I came up with this recipe as I really wanted to incorporate some dried fruit with a normal / traditional barfi. I also wanted to try and make a healthy sweet, using natural sugars from the fruit and very little ghee. Traditionally Indian sweets are full of calories because of the amount of sugar and ghee that are used, so I wanted to create some thing which used the bare minimum of these ingredients. The other criteria I was trying to fulfil is to make a simple, easy and quick recipe. I chose apricots because of their taste and texture, not to mention the health benefits. Dried apricots are an excellent source of iron, vitamin A, high in fibre, potassium and low in fat. Apart from perhaps warding of cancer, heart disease and protecting eyesight, apricots also help increase the immune system as it is a good source of iron, which is essential for the renewal of red blood cells. These cells oxygenate the body, helping to stop feeling lethargic and tired. This is essential especially as the cold weather is setting in and days are starting to get shorter, we need to have feel good foods:)
Having decided on the fruit I started thinking about how to encase it and what other ingredients, if any, to add. So I visualised the colour of the fruit and what other colours would go with it and what shape to give it etc. I just wanted to use the ingredients I had at home at the time. So I added some chocolate chips (which I now feel can be left out) and thought I would coat it with the barfi mixture with added flavour of cocoa. The triangle shape came about because this summer one of my husband’s aunties had given a gadget to make shaped mithai, which I wanted to use so that is why the shape is a triangular. The gadget is essential a V shaped long metal strip with a less than 90 degree bend along its length. Although the final shape I ended up making was by pressing roll of the mixture by hand into a triangle shape, so the strip of metal did not help in making the final shape. Everyone who has tried this sweet/mithai has loved and enjoyed it, so I am glad I thought out of the box and experimented with this sweet for diwali.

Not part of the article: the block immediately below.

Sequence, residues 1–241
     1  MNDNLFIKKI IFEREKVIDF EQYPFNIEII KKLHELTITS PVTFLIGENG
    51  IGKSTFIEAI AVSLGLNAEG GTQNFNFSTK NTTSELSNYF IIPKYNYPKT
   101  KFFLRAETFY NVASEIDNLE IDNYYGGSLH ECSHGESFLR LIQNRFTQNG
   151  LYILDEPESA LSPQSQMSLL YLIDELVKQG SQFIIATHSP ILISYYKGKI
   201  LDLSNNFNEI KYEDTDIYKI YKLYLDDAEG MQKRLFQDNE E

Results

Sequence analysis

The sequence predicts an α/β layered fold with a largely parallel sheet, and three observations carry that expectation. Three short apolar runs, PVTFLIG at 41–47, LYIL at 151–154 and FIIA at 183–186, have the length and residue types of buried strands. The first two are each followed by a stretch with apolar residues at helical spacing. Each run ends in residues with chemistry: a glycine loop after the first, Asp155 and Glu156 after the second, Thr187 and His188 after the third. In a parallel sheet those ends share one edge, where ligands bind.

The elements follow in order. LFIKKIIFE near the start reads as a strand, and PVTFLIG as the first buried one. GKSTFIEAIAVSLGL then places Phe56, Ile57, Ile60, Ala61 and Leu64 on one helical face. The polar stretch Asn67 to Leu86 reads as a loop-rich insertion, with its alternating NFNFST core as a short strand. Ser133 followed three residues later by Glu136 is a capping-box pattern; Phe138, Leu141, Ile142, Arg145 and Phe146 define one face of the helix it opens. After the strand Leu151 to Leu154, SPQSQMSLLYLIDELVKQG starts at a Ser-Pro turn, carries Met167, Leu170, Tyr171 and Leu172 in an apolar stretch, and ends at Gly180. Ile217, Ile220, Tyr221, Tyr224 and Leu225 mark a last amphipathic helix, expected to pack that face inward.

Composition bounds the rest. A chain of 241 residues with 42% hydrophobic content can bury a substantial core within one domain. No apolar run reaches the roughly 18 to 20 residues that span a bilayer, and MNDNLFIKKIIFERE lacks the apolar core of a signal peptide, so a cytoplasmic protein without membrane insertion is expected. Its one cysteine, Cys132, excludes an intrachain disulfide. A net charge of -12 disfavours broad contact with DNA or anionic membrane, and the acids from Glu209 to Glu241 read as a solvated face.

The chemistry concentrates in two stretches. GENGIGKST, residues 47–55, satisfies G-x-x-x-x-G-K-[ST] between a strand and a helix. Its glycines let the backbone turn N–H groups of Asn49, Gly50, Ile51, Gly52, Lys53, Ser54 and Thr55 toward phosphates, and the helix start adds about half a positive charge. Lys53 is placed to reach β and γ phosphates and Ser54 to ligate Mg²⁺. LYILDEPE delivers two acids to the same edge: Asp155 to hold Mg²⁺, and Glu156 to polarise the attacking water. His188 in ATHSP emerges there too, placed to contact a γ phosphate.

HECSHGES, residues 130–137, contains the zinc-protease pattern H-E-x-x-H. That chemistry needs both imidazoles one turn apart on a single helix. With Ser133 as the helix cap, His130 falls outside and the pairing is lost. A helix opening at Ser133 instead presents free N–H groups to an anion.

Continue reading “Golden Triangles”
We made Weetabix Barfi for my son’s Diwali & Eid party at school. Making food should be fun, especially when doing it with children. I love recipes where my son can enjoy making it and at the same time he is learning all the time yet he thinks it is fun, because for a change I am letting him play with food 🙂 We worked together as a team and he really enjoyed crushing the weetabix and biscuits, then mixing all the dry ingredients together. Learning about texture, size and how to measure ingredients together, are just a few of the things we talked about as we were making this easy sweet dish.
I have adopted this recipe to our taste from ‘The Ultimate Collection – A Vegetarian Cookbook’. The taste is a cross between a cereal bar and an Indian sweet. I wanted to try this recipe as it seemed like an interesting mix of ingredients and felt kind of healthy because of the use of Weetabix, hence we made it as one of our Diwali sweets this year. In case you don’t know, Weetabix is a popular breakfast cereal – more info at Wikipedia here. It also goes by the name of Weet-bix.
Continue reading “Weetabix Barfi”
I came across this sweet dish about 4 to 5 years back. The name was very unusual for a sweet dish – Kesar means saffron and Mani in Sanskrit means gem. The taste was a combination of a few traditional sweets, a crunchy yet melt in the mouth texture all at the same time. Ever since then I wanted to try and make it at home, but I had no-one to teach me or tell me all the specific ingredients.